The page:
Power-Smoothing Scheme of a DFIG Using the Adaptive Gain Depending on the Rotor Speed and Frequency Deviation

Hyewon Lee, Min Hwang, Eduard Muljadi, Poul Ejnar Sørensen, Yong Cheol Kang

Research output: Contribution to journalJournal articleResearchpeer-review

297 Downloads (Pure)

Abstract

In an electric power grid that has a high penetration level of wind, the power fluctuation of a large-scale wind power plant (WPP) caused by varying wind speeds deteriorates the system frequency regulation. This paper proposes a power-smoothing scheme of a doubly-fed induction generator (DFIG) that significantly mitigates the system frequency fluctuation while preventing over-deceleration of the rotor speed. The proposed scheme employs an additional control loop relying on the system frequency deviation that operates in combination with the maximum power point tracking control loop. To improve the power-smoothing capability while preventing over-deceleration of the rotor speed, the gain of the additional loop is modified with the rotor speed and frequency deviation. The gain is set to be high if the rotor speed and/or frequency deviation is large. The simulation results based on the IEEE 14-bus system clearly demonstrate that the proposed scheme significantly lessens the output power fluctuation of a WPP under various scenarios by modifying the gain with the rotor speed and frequency deviation, and thereby it can regulate the frequency deviation within a narrow range.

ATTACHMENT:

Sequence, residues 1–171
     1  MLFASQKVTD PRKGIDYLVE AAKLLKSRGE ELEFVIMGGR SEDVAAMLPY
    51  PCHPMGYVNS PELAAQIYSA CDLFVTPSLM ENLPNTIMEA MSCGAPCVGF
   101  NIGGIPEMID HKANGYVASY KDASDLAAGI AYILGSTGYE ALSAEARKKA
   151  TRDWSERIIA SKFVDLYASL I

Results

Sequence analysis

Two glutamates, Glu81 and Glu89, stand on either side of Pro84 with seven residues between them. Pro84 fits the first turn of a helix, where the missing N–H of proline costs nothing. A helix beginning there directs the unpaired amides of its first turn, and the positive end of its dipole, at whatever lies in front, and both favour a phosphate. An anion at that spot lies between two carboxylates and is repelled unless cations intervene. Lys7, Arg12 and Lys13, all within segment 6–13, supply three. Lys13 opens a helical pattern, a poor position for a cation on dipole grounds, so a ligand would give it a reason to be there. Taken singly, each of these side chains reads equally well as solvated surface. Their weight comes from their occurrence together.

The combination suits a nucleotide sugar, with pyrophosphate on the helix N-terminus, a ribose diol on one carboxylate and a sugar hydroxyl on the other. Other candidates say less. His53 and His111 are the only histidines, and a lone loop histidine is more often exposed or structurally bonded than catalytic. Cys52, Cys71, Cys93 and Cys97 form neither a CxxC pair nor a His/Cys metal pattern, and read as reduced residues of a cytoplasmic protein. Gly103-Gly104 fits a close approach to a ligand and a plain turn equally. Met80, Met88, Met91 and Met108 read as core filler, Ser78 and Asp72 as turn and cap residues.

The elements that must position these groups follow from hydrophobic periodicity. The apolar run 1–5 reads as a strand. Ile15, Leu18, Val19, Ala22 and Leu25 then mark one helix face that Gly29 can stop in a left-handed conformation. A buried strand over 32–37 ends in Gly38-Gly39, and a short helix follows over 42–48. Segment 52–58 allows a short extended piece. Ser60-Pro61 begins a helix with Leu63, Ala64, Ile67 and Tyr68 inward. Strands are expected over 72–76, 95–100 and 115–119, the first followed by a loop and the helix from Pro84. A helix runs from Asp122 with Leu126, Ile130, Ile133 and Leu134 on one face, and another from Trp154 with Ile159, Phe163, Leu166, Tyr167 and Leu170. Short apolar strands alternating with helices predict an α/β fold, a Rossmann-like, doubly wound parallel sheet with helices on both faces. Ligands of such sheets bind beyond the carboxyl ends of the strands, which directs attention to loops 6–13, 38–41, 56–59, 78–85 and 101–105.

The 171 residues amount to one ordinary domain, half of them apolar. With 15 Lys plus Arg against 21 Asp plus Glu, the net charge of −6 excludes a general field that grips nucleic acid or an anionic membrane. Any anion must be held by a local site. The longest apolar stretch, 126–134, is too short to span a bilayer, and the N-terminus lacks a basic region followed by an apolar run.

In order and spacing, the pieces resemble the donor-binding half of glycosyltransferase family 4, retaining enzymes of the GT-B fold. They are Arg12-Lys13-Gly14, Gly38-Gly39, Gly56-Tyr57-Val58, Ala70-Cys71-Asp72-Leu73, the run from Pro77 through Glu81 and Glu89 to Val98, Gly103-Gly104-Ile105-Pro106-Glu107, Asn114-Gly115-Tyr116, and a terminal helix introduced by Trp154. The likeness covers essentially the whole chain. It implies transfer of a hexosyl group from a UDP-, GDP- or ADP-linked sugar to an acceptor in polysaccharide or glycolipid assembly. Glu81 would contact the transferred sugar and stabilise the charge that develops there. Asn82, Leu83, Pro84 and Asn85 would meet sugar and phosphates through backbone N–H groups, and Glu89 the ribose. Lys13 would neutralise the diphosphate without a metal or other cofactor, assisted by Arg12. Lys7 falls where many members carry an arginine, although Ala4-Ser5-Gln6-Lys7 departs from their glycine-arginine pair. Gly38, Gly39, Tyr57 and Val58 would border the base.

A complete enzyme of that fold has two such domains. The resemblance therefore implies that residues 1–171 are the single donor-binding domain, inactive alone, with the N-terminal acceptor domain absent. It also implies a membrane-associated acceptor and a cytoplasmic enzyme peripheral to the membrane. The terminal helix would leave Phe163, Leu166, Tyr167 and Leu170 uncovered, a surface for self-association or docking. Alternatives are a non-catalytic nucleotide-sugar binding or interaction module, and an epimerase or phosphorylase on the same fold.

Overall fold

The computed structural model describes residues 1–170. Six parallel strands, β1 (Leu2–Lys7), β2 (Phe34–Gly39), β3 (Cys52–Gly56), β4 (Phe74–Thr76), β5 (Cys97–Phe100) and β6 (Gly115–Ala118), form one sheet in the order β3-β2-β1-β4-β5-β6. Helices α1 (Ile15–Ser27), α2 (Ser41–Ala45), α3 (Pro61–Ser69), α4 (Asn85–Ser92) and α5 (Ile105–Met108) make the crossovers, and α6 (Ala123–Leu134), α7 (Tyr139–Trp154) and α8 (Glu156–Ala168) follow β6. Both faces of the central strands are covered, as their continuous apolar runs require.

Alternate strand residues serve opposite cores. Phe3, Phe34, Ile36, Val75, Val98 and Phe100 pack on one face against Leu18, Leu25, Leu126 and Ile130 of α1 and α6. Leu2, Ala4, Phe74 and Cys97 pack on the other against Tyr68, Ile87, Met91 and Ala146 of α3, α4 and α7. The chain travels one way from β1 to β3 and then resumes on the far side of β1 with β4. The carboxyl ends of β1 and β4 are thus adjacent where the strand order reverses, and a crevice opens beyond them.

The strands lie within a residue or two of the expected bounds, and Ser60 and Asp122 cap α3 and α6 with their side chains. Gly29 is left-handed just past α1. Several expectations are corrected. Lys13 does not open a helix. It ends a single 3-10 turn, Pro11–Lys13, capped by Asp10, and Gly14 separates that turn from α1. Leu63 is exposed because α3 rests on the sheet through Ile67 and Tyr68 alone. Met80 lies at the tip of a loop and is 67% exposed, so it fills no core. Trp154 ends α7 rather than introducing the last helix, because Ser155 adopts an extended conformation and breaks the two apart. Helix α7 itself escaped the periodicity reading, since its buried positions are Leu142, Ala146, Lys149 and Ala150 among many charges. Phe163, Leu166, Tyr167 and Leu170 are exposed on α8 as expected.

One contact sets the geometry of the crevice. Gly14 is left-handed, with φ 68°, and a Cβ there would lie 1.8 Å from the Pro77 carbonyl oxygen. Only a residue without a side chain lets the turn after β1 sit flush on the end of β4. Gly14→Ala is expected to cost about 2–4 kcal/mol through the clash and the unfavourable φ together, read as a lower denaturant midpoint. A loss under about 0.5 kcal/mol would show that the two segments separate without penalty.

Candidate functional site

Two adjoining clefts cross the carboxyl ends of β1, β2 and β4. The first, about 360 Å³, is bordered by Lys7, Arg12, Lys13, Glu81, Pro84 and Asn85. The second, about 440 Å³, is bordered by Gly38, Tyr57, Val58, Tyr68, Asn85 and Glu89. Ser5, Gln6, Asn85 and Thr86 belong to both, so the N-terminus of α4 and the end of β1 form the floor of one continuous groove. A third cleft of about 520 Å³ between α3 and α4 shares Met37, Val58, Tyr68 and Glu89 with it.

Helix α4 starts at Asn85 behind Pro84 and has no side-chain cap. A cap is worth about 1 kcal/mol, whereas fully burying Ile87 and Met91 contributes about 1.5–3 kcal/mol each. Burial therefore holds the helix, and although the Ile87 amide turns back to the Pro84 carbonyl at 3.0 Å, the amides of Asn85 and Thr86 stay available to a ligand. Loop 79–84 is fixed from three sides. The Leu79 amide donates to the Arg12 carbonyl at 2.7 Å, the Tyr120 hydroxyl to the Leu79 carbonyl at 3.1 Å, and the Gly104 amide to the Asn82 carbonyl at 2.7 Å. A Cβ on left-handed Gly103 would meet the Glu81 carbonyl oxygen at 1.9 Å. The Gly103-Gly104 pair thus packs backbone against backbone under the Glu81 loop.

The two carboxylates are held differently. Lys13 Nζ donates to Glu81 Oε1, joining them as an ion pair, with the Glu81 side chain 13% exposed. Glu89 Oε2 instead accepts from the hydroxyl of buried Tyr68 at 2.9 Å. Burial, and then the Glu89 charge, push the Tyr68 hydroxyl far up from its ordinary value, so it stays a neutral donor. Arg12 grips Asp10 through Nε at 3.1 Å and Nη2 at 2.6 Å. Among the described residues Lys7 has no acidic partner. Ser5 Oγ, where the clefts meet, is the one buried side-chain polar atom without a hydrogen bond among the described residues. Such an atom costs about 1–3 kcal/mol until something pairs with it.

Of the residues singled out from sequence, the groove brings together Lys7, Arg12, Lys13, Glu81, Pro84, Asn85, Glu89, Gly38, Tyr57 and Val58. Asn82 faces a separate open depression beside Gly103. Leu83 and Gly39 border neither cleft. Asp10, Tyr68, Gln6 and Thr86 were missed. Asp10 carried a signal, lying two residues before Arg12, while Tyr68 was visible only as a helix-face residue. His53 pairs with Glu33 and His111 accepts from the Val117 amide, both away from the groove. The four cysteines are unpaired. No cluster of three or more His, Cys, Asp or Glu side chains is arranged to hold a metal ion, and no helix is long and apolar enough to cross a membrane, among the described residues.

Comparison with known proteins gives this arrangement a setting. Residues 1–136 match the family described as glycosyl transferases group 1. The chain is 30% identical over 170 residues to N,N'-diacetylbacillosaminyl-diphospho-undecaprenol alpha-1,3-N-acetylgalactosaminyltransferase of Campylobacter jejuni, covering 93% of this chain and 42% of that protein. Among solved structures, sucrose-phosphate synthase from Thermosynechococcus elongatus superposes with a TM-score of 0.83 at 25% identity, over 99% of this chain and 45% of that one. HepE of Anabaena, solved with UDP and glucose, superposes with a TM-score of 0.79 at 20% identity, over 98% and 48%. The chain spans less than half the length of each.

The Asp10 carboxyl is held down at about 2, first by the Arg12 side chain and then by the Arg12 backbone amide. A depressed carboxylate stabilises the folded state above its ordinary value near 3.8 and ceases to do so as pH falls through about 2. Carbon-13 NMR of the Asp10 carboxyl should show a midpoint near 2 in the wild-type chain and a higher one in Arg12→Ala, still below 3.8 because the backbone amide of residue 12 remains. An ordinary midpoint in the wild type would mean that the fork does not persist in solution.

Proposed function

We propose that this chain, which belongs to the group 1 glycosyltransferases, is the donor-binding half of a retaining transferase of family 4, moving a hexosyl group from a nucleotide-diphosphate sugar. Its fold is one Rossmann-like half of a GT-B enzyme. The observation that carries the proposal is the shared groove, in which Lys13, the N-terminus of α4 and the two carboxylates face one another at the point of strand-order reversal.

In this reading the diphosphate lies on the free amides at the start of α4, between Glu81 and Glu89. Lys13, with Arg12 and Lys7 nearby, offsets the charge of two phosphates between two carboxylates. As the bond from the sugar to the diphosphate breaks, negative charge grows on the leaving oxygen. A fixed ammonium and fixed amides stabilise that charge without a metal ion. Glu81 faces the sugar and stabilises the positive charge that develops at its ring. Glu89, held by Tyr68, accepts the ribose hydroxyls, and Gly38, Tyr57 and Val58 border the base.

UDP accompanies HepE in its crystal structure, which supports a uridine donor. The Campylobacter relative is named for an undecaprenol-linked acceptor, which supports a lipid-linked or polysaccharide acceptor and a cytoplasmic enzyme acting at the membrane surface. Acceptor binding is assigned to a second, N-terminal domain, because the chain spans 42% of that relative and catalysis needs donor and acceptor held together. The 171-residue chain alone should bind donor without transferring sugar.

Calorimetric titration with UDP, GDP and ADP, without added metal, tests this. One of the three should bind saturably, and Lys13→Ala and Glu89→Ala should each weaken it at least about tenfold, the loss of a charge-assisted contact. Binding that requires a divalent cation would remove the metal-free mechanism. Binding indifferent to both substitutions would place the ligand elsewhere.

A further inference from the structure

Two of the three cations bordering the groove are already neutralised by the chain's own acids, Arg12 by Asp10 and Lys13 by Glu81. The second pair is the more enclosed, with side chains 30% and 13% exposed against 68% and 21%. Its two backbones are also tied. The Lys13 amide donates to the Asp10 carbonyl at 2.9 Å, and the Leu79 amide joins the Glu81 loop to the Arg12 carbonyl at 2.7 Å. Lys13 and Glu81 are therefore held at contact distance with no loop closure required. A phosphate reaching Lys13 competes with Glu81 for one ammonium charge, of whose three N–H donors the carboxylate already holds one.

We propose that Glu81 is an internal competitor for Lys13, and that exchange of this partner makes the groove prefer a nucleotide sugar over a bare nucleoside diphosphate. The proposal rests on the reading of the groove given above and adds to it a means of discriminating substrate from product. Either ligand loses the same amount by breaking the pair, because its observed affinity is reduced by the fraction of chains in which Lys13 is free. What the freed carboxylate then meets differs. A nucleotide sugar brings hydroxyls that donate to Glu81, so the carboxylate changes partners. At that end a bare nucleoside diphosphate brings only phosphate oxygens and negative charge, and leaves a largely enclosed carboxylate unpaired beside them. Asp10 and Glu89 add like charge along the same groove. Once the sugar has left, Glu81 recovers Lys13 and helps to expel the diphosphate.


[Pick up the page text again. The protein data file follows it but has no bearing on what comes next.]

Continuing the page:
Original languageEnglish
Article number555
JournalEnergies
Volume10
Issue number4
Number of pages13
ISSN1996-1073
DOIs
Publication statusPublished - 2017

Bibliographical note

This article is an open access article distributed under the terms and conditions of the Creative Commons Attribution.

Keywords

  • Power smoothing
  • Doubly-fed induction generator
  • Frequency regulation
  • Adaptive gain
  • Rotor speed
  • Frequency deviation

Fingerprint Dive into the research topics of 'Power-Smoothing Scheme of a DFIG Using the Adaptive Gain Depending on the Rotor Speed and Frequency Deviation'. Together they form a unique fingerprint.

Cite this